Lessons from The Monkees Apply to Business Success

Guest Blog Post by Hank Moore 3/22/12

Lessons from The Monkees Apply to Business SuccessAnalogies of a musical group to business strategy. From The Monkees can be learned some valuable lessons about putting together companies, empowering work teams, fostering leadership, making the parts relate to the whole and spawning other business interests.

The death of Davy Jones fostered a fond remembrance of The Monkees and a discussion of 1960s cultural influences.

I’m writing a Davy Jones tribute in the form of a business case study. From The Monkees can be learned some valuable lessons about putting together companies,empowering work teams, fostering leadership, making the parts relate to the whole and spawning other business interests in a diversified portfolio.

It was the night of February 9, 1964. Davy Jones stood backstage at the Ed Sullivan Theatre in New York City. As a teenage actor and singer, he was in the cast of the Broadway hit “Oliver,” starring British singer Georgia Brown. That was the night that The Beatles invaded America, starring on CBS-TV’s “Ed Sullivan Show.” There were other acts on the bill that night, including comedian Frank Gorshin, singer Tessie O’Shea, the comedy team of Charlie Brill & Mitzi McCall and the “Oliver” cast to perform scenes from the show for the TV audience.

Jones watched the Beatles perform in their American television debut and mused that he would like to get a gig like that one day. He in fact did two and a half years later, as a cast member in a TV sitcom that was inspired by The Beatles’ movie “Hard Day’s Night.”

Hollywood responded to Beatlemania by putting together a group of actors to play a Beatles type teenage pop group. “The Monkees” was primarily a TV sitcom, and it was produced by Columbia-Screen Gems, whose other hits included “Bewitched,” “I Dream of Jeannie,” “Gidget” and “The Flying Nun.” Stars Michael Nesmith and Davy Jones had music in their repertoire. Mickey Dolenz and Peter Tork were actors who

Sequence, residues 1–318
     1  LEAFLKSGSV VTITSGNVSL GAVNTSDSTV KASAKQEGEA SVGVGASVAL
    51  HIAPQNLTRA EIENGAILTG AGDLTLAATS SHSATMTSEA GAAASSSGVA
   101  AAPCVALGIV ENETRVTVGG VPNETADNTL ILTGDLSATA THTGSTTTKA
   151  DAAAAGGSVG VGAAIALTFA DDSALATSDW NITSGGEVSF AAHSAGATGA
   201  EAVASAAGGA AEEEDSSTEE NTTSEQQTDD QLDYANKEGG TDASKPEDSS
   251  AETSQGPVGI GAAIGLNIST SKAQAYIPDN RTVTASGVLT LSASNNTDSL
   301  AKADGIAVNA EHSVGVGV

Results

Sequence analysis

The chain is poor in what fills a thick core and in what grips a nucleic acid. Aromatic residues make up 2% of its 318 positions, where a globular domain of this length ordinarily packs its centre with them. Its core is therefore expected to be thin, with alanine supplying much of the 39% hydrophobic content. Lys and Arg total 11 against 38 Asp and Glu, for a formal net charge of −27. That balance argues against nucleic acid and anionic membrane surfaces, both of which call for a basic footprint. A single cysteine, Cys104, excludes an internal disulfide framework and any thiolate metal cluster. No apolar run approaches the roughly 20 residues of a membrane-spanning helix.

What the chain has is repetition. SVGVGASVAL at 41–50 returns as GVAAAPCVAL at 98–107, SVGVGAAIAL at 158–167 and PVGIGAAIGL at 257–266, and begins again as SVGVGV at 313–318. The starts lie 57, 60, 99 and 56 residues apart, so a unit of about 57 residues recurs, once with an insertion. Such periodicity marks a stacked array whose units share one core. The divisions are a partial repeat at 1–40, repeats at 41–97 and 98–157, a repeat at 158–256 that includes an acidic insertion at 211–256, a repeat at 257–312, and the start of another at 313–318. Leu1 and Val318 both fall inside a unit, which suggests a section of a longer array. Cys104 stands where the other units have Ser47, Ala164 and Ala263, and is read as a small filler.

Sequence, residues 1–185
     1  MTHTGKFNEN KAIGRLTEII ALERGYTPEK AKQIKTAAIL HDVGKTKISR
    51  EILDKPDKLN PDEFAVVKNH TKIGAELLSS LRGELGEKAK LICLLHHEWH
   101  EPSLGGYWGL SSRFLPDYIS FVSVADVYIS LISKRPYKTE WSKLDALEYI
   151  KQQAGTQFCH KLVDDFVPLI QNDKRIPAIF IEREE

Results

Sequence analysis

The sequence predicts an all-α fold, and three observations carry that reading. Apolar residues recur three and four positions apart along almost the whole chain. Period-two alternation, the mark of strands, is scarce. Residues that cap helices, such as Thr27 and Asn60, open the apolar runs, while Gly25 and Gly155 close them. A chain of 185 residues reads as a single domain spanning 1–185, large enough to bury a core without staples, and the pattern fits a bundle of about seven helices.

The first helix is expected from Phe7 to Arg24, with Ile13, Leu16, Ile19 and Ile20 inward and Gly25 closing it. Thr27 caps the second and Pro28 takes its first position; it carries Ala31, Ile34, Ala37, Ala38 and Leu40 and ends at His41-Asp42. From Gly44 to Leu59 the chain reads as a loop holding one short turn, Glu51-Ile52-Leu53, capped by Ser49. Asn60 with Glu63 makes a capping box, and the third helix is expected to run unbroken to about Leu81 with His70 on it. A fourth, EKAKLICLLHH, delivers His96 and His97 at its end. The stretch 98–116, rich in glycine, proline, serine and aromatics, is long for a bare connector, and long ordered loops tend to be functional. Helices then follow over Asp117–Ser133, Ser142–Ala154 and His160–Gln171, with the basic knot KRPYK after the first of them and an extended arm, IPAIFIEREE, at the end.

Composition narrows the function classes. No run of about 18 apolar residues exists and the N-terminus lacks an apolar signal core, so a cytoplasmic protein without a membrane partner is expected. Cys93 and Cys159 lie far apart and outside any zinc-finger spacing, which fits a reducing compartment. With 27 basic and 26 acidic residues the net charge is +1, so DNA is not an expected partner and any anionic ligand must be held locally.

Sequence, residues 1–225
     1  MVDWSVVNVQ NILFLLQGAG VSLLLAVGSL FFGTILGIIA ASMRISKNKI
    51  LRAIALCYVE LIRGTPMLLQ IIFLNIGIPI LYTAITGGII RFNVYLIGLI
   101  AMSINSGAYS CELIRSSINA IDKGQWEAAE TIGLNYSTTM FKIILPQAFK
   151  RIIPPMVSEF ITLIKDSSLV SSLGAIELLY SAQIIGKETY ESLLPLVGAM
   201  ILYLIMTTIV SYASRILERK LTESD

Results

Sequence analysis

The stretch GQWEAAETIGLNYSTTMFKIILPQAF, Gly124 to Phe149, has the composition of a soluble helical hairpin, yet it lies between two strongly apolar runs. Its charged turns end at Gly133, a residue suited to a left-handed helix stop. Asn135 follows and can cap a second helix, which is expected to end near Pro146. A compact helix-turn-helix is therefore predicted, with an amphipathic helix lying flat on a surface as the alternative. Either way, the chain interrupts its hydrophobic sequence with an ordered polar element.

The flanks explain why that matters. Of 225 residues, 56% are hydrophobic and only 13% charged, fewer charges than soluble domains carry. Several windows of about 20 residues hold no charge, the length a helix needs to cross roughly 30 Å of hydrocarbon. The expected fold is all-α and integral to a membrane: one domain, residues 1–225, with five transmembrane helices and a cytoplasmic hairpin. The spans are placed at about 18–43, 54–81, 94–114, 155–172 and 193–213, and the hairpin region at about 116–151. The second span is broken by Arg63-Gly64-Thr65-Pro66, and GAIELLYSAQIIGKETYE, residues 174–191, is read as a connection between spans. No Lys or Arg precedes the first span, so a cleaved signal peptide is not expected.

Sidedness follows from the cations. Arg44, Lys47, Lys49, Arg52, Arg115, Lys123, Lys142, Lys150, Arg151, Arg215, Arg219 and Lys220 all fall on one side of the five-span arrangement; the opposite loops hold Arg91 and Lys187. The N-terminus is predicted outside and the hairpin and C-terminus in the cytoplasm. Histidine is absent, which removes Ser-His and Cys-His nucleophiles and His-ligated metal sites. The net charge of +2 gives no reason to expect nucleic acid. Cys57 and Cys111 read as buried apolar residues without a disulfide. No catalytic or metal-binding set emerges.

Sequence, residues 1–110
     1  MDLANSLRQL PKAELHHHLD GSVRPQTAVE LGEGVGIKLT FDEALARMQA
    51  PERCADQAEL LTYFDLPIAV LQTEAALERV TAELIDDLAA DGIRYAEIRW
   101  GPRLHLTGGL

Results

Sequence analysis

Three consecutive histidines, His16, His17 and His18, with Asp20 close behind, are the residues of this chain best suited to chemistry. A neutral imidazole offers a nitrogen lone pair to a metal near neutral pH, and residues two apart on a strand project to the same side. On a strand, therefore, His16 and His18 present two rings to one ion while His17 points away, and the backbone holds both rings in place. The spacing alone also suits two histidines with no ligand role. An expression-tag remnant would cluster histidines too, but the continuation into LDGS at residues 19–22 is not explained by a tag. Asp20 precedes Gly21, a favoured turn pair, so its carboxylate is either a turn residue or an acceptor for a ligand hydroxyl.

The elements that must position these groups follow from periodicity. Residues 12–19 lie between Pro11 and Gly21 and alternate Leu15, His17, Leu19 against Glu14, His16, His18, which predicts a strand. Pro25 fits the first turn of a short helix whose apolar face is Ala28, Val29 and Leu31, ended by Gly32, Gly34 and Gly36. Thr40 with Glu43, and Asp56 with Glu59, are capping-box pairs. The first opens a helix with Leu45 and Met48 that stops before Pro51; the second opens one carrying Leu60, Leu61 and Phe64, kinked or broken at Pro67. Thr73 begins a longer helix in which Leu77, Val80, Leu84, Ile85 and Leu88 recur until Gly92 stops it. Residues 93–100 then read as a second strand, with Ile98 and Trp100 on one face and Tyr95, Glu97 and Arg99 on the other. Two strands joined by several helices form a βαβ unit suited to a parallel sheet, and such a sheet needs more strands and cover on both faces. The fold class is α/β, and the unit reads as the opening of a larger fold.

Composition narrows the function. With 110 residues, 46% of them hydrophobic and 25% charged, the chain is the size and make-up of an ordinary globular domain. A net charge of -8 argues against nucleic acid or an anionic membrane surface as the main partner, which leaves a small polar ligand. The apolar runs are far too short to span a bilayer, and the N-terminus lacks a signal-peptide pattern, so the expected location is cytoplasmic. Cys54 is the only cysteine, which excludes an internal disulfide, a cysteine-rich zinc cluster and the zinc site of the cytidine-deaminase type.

portrayed pop musicians.

The songs were written by Tommy Boyce, Bobby Hart, Neil Diamond, Carole King, John Stewart and other top talents. The recordings featured studio musicians. The Monkees tended to the sitcom and lip-synced two songs per episode, one of them done in a new, original format: as a music video.

Once The Monkees debuted on NBC-TV, they were an instant hit. They primed the pre-teen market for such later luminaries as Herman’s Hermits, Paul Revere & the Raiders, The Cowsills and The Partridge Family. The TV show spawned concert tours, and The Monkees had to learn to play instruments. There were guest shots, product tie-in’s, merchandising and Monkees fan clubs. All this activity jelled with
The Monkees, and it became the prototype for other pop acts packaged as big business.

Arguably, music videos were invented as theatrical shorts. Staging pop hits was popularized in the 1950s by NBC-TV’s “Your Hit Parade.” Variety shows such as Sullivan’s brought the top recording acts to TV audiences. But it was The Monkees who set the prototype for music videos, which MTV later patterned its format.

Monkee Michael Nesmith not only was the creative juice behind music videos, but his mother was another trailblazer in the business world. As a secretary in Dallas, Texas, she invented the office product Liquid Paper.